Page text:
Social Tagging in a Linked Data Environment

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  • Description
  • Table of Contents
  • About the authors
  • Reviews

Social tagging, hashtags, and geotags are used across a variety of platforms (Twitter, Facebook, Tumblr, WordPress, Instagram) in different countries and cultures. This book, representing researchers and practitioners across different information professions, explores how social tags can link content across a variety of environments.

Most studies of social tagging have tended to focus on applications like library catalogs, blogs, and social bookmarking sites. This book, in setting out a theoretical background and the use of a series of case studies, explores the role of hashtags as a form of linked data—without the complex implementation of RDF and other Semantic Web technologies.


List of figures and tables 


1 Introduction: the continuing evolution of social tagging 
Diane Rasmussen Pennington and Louise F. Spiteri

2 Tagging the semantic web: combining Web 2.0
and Web 3.0
Laura Cagnazzo

3 Social tags for linked data with Resource Description
Framework (RDF)
Sue Yeon Syn

4 Social tagging and public policy
Ryan Deschamps

5 Hashtags and library discovery systems
Louise F. Spiteri

6 Social information discoverability in Facebook groups:
the need for linked data strategies
Laurie Bonnici and Jinxuan Ma

7 #FandomCommunication: how online fandom
utilises tagging and folksonomy
Max Dobson

8 Keys to their own voices: social tags for a dementia
ontology as a human right
Diane Rasmussen Pennington

9 Social tagging and the enterprise: an analysis of
social tagging in the workplace
Sanjay Khanna

10 Use and effectiveness of social tagging recommender
Kishor John


Louise F. Spiteri

Dr. Louise F. Spiteri is Director of the School of Information Management, Dalhousie University, Halifax, Nova Scotia, Canada. She has published extensively in the areas of social tagging, folksonomies, social discovery systems, and library cataloguing. She teaches in the areas of information management, metadata, records management, cataloging, classification, and taxonomies.

Diane Pennington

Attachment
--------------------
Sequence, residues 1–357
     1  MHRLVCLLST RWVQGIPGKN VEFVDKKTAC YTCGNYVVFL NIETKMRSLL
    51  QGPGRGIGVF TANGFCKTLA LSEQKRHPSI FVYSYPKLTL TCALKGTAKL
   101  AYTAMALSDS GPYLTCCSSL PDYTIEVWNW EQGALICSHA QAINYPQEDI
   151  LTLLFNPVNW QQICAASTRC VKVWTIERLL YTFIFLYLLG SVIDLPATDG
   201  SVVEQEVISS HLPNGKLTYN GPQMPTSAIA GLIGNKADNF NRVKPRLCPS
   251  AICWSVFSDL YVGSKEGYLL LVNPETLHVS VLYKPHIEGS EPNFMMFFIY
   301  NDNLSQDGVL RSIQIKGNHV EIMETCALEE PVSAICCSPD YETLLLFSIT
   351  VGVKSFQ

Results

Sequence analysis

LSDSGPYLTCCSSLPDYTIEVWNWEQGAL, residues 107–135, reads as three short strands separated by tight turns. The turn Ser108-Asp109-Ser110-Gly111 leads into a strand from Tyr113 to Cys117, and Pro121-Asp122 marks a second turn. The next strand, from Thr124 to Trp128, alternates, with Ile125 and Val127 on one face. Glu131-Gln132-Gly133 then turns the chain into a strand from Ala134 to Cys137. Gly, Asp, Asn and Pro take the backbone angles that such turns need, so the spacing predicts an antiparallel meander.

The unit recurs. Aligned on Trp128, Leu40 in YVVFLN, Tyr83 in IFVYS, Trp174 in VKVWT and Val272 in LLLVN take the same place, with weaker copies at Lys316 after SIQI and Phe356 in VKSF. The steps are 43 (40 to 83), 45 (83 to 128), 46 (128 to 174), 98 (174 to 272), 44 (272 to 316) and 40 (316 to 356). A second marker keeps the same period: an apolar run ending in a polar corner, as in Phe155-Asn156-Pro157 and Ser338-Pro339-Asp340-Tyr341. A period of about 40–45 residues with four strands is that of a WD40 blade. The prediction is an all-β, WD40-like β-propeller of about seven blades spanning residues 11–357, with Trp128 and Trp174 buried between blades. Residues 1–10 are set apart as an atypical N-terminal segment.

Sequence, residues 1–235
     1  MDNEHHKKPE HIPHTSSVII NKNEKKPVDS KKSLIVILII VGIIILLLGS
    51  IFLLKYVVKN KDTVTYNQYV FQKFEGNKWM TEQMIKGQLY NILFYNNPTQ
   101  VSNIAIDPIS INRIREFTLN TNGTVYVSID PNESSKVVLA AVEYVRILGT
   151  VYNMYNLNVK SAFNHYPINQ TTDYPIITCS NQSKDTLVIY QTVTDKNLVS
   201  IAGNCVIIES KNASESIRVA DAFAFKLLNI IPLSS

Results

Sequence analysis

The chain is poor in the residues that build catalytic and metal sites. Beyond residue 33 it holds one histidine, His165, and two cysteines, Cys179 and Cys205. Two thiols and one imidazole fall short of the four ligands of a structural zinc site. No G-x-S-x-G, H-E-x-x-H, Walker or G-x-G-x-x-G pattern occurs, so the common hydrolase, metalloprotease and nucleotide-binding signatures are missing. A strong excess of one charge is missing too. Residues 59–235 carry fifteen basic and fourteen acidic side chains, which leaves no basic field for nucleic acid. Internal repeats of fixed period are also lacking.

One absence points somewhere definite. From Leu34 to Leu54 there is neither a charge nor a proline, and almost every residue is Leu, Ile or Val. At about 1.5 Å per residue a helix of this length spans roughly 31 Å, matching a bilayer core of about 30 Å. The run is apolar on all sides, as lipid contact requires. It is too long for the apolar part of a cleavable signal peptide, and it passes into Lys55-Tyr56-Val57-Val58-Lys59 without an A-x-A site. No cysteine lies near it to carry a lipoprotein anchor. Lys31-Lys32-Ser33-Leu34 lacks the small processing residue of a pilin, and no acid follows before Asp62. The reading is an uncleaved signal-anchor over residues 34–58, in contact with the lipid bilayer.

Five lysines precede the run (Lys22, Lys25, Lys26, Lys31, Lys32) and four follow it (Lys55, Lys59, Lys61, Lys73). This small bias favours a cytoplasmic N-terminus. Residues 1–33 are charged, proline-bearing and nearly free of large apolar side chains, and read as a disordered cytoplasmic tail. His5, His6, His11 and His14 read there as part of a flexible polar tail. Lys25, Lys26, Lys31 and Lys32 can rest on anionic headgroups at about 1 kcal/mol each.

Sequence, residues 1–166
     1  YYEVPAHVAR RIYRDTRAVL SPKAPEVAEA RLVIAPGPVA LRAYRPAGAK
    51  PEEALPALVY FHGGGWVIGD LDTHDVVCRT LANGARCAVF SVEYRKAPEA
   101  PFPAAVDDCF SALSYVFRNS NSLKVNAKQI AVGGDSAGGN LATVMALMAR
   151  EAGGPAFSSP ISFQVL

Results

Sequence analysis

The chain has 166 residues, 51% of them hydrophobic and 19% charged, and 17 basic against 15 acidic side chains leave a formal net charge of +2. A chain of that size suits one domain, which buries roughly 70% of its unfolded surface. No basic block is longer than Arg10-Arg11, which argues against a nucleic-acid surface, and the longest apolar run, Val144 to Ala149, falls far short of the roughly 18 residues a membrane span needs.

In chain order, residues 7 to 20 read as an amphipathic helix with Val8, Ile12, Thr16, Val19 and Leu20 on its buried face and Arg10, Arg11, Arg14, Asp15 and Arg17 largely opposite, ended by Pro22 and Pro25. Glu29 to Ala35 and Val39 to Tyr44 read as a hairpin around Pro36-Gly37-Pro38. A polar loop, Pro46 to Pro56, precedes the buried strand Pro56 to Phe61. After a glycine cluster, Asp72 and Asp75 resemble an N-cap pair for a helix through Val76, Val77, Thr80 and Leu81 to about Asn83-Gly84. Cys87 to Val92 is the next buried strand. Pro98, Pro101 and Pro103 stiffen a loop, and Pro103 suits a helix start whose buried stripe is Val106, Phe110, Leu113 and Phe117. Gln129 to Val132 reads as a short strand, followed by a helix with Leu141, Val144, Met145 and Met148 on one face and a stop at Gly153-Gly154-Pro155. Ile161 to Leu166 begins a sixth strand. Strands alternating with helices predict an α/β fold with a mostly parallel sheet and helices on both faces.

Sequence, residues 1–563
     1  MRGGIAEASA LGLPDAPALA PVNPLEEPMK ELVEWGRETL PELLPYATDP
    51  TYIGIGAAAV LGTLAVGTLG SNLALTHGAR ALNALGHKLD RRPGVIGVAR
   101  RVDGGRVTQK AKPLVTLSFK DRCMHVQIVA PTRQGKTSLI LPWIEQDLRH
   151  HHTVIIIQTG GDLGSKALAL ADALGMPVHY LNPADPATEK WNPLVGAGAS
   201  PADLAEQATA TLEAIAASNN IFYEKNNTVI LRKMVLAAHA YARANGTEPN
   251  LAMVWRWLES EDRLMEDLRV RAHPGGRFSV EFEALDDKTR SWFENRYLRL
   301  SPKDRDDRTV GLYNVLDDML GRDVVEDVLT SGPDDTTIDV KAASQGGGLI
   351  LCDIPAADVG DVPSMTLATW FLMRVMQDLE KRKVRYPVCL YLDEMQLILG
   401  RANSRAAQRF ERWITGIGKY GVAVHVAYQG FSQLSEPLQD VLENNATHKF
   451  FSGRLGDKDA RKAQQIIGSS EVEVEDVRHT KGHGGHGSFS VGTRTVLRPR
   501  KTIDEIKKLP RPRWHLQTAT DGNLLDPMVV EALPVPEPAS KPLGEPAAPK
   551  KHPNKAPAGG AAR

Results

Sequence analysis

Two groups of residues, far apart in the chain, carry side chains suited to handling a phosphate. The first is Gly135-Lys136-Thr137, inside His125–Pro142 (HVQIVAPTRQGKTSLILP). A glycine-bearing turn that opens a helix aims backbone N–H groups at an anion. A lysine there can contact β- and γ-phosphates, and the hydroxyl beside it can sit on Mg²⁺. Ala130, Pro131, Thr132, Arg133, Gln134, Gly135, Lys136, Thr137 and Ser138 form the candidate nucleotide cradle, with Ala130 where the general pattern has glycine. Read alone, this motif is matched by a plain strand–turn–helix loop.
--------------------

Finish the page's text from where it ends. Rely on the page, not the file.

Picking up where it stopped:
Diane Rasmussen Pennington is a Lecturer in Information Science at the University of Strathclyde, UK. Diane worked as a corporate IT professional and then a systems librarian before becoming a full-time academic in 2005. Diane’s PhD dissertation focused on social tagging practices of photojournalism professionals, and tagging has remained as a central focus of her research. Diane served as the Association for Information Science & Technology’s Social Media Manager from 2014-2016.

"Pennington and Spiteri have pulled together a kaleidoscope of scenarios that explore the role and evolution of social tagging. From traditional library discovery systems and recommender systems to ontologies for dementia, effects on public policy to cognitive authority in Facebook communities, to Web 2.0, Web 3.0, and beyond. Tagging and linking—two  words that imply so much more than what they say—provide the core for this work. A valuable collection for anyone wanting to explore the possibilities of letting people have their say through the simple act of contributing their own words…#goodread #liked"
— Shawne D. Miksa, Associate Professor, University of North Texas

"Pennington, Spiteri, and their thoughtful contributing authors give us a thesaurus, a treasure chest of concepts, constructs, and tools for building new means of navigating constellations of people authoring, publishing, and looking for information. How do we find useful information? How do we bring information to the point of use? How do we determine veracity and cognitive authority of information? Who is now to link what with whom? Here the reader will find much to use and much to ponder."
— Brian O’Connor, Professor, University of North Texas